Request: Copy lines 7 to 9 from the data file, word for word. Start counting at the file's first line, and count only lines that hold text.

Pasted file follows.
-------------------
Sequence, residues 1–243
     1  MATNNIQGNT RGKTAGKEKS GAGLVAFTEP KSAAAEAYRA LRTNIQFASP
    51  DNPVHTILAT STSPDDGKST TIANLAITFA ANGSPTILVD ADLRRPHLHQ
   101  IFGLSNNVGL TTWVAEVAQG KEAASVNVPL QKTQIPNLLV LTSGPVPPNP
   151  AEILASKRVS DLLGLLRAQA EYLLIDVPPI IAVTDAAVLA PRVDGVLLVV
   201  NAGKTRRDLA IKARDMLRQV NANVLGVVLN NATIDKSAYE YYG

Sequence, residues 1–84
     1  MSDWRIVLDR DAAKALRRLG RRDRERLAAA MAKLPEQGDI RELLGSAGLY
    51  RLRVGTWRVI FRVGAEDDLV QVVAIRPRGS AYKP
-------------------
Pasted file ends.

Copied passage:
Sequence, residues 1–84
     1  MSDWRIVLDR DAAKALRRLG RRDRERLAAA MAKLPEQGDI RELLGSAGLY
    51  RLRVGTWRVI FRVGAEDDLV QVVAIRPRGS AYKP